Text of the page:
Those fortunate enough to have attended FIERF’s Tech Days in early April (generously hosted by The Timken Company) got eyes- and ears-full about additive manufacturing (AM) technologies from a few presenters. AM is a topic and technology about which we’ve run feature articles and spoken of in this column before, and great strides are being made in AM as a means of maintaining and improving the competitiveness of the U.S. manufacturing sector.
To this end, President Obama in 2012 called for the creation of a National Network for Manufacturing Innovation (NNMI) consisting of regional hubs that would accelerate the development, scale-up and adoption of cutting-edge manufacturing technologies. In May of that year, the federal government solicited proposals from teams led by nonprofit organizations or universities to establish an Additive Manufacturing Innovation Institute. The solicitation sought proposals that included technical and business plans and detailed steps to accelerate research, development and demonstration in AM and to transition the technology to manufacturing enterprises in the U.S. In August 2012, a consortium led by the National Center for Defense Manufacturing and Machining (NCDMM) was selected to establish the National Additive Manufacturing Innovation Institute.
Last October, the Institute announced a new identity – America Makes. Based in Youngstown, Ohio, America Makes is an extensive network of nearly 100 companies, nonprofit organizations, academic institutions and government agencies from all over the country. According to Ralph Resnick, founding director of the Institute and NCDMM president and CEO, “America Makes is a vehicle for the National Additive Manufacturing Innovation Institute to raise our profile, reach a wider audience to include the hobbyist and the entrepreneur and, ultimately, provide a richer member experience. America Makes sets the stage for us to realize our mission of reinvigorating the U.S. manufacturing industry and jobs market by serving a strong message.”
This mission is fostered through the open exchange of AM information and research; the development, evaluation and deployment of manufacturing technologies; the inclusion of companies and academic institutions to train a skilled workforce; and the development of its role as a clearing house between commercial, academic and government institutions that seek to further the AM industry to the benefit of the U.S. manufacturing sector.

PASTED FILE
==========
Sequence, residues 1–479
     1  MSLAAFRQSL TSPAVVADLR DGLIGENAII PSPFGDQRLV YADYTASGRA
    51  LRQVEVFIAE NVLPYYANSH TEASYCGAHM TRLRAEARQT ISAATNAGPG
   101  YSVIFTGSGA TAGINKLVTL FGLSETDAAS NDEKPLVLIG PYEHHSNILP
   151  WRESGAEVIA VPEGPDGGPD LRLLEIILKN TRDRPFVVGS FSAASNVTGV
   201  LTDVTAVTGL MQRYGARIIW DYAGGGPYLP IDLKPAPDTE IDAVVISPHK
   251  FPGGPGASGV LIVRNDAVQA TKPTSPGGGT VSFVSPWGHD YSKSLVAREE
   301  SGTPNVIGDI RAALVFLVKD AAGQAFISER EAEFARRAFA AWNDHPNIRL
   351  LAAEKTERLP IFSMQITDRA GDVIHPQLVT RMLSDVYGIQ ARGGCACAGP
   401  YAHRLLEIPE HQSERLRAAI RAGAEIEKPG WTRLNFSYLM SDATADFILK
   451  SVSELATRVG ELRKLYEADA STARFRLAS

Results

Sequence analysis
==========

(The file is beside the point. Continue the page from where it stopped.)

So, what has all this to do with the forging industry, you might reasonably ask? The full answer, of course, lies years into the future, but for starters AM shows promise in the areas of part prototyping, tool and die making, and short-run small-component manufacture.
Or is AM more of a threat to the forging community? What used to be called rapid prototyping is, after all, now called additive manufacturing. AM has truly made great strides in its development during the past two decades, but when it comes to the mass manufacture of high-strength metal components rapidly and for a reasonable price, forgers have not much, as yet, to worry about.
As for America Makes, it is a good thing to see the U.S proactively protecting and nurturing its lead in global AM research, deployment and market development.
In August’s Editorial we’ll take a closer look at the business side of additive manufacturing.
Dean M. Peters, Editor
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